Please answer the following questions sincerely. “Yes” or “No” suffices.
Have you felt any of the above? I know I have. I found that these apparently different problems have one common cause; solve the common cause and all the consequences that stem from this common root go away by themselves.
Oh, and don't worry; I'm not talking about some magical potion, or some type of snake oil that makes it all go away. I'm Dr. Flavio, I wouldn't do that to you.
First, would you agree with me on a name for what we are talking about? If you answered “yes” to any of the questions above, could we call that MVS, short for “mysterious void syndrome”? I came across MVS when several clients came to the office telling me that they had everything, yet something was missing from their lives. They felt a “void”; they told me this much. Since they could not tell me what was missing, no matter how I phrased the questions, I called that void a “mysterious void”. Later I added the word “syndrome” because that mysterious void generated all kinds of other feelings and compensatory behaviors that often got them into trouble. That is how MVS came into being.
If you feel MVS, or felt it, I invite you to look back upon your life experience, to retrospect, and ask yourself this question:
How have you dealt with your version of MVS?
Please ask yourself if this applies to you: we alternate between trying to change circumstances outside of ourselves and distracting our minds. We go about trying to change the world outside of ourselves in different ways. Let’s look at some possibilities:
Some people are more nomadic, they move around more, they change jobs very often, they change cars, they move houses, perhaps they change spouses more frequently. They are always trying to change, move. They are going somewhere, they are doing something different every time you see them, they get bored easily. They realize that something is missing from their lives; their unconscious, or attempted solution, is to do something different. If I go somewhere else, they figure, if I get a different job, a different spouse, then things will be okay.
Other people are more of a settler; they stick around a bit more. Settlers don't really try to change themselves; they try to change everyone else around them. They are always working on a problem; they're always trying to change someone or something. There's always something that needs to be fixed around them for them to feel better.
Other people are more of a warrior type. There's always an enemy to be defeated; the idea being that this sense of emptiness that we feel has to do with this enemy. The enemy is making my life impossible; if I can just defeat the enemy, if I can just overcome this problem that I have with this person, this institution, the police, the government, The Matrix, or even God… If I can solve that problem, if I can defeat that enemy, everything will be okay and I will be fulfilled.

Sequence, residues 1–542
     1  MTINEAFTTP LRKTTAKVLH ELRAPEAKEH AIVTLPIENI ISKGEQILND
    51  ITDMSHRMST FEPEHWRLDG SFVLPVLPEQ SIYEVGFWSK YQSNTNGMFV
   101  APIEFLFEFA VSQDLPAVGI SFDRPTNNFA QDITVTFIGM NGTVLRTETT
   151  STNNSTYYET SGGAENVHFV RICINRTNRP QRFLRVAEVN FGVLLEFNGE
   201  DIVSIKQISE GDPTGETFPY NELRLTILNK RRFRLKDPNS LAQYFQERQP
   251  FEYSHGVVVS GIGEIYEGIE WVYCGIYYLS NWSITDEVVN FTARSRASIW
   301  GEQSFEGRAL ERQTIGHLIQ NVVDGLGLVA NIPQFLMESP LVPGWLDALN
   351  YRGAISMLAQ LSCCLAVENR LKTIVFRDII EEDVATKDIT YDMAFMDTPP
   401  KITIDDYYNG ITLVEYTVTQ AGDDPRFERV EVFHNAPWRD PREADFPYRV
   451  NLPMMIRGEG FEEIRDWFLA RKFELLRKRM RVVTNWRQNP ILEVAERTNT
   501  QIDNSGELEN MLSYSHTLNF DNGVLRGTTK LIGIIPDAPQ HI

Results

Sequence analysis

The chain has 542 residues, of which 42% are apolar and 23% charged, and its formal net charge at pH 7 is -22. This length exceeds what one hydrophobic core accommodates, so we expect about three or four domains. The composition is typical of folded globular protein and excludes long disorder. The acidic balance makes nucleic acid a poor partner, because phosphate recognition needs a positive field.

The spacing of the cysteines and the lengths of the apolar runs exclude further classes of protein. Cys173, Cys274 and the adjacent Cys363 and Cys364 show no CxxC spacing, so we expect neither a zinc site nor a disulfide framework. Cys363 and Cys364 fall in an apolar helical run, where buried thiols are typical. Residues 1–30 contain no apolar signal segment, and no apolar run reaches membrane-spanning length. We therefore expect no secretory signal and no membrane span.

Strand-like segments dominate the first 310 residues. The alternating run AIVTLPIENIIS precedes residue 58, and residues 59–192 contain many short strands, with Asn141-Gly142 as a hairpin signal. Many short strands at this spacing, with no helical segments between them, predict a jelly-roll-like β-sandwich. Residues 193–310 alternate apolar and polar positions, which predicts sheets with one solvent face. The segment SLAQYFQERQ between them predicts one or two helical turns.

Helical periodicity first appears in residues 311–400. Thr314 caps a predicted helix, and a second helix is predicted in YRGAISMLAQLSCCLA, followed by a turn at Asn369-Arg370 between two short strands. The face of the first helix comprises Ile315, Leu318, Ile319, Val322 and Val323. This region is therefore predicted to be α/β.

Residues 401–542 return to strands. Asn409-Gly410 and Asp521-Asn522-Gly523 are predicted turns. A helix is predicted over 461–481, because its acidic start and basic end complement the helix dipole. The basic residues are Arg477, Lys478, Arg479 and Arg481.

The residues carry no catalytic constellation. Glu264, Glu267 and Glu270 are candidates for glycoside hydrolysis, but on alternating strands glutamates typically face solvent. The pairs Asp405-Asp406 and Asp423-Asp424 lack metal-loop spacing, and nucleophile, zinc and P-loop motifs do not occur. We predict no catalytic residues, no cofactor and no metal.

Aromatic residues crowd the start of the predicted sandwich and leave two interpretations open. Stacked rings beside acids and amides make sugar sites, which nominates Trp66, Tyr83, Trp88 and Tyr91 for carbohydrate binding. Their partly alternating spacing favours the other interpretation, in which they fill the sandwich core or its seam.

Can you relate to any of this?
Okay, let’s recap. We have been experiencing this mysterious sense of void and emptiness within ourselves, so we developed a strategy to fix that problem, to heal the sensation of pain the MVS causes.
The strategy is to change the world outside of us in order to feel a sense of fulfillment within us.
We all do that to varying degrees, but we do it in slightly different ways, herein called the nomad, the settler, and the warrior. This last idea, which I love, by the way, I learned from Terrence Watts, a hypnotist from England.
“When put it like that… it does feel a little insane” A Course in Miracles talks about the strategies of ego as being insane. People tell me that they see how insane the strategy we have been using to eliminate the pain is, when I explain why we continue hurting despite such hard work to change for the better.
But there is one more thing. Working to change the world outside of us in order to feel something on the inside, and never getting the intended result, is exhausting. As a result, the more we try to change the world outside of us, the more depleted we feel, and the more rest, relaxation, and entertainment we need.
Rest, relaxation, and entertainment take one of two forms: total idle time, such as excess sleep, or some form of addiction which numbs the mind and creates massive distractions from our sense of purpose in life.
There is nothing wrong with working on the outer world to change it. Doing it in order to get an inner feeling, however, is what causes this exhaustion and MVS. It is awesome to work on the external world for the sake of the external world, only. When we do it like that, we feel a sense a complete and, most important, moderation.
The inner world is different; a different kind of substance can fill the mysterious void and create a sense of true fulfillment. The very word we use to describe a state opposite to depleted is “fulfilled”, right? That word indicates that we are filled to capacity, until full. But, filled with what?
The key is in another word, a word that we would use in the same context we would use the word “fulfilled”. This word is “inspired”. The Latin root of that word suggests that we are “filled with the Spirit” when we feel inspired. Yes, this is dense, but it is so simple. MVS is simply a, to put it in medical terms, a spirit deficiency. Get more “spirit” in and the MVS goes away, just as getting more vitamin C in makes scurvy go away.
My life's work has been to help people overcome this mysterious sense of void and emptiness, perhaps because I felt the very same way most of my life until I understood what I just told you. I don't want you to suffer any longer, particularly because the solution to the problem is quite simple once you see it. One way to begin on this journey is to practice some simple guided meditations, such as the ones you can find HERE.
I am so happy you stopped by, please don't leave empty handed! I want to serve you on your journey.
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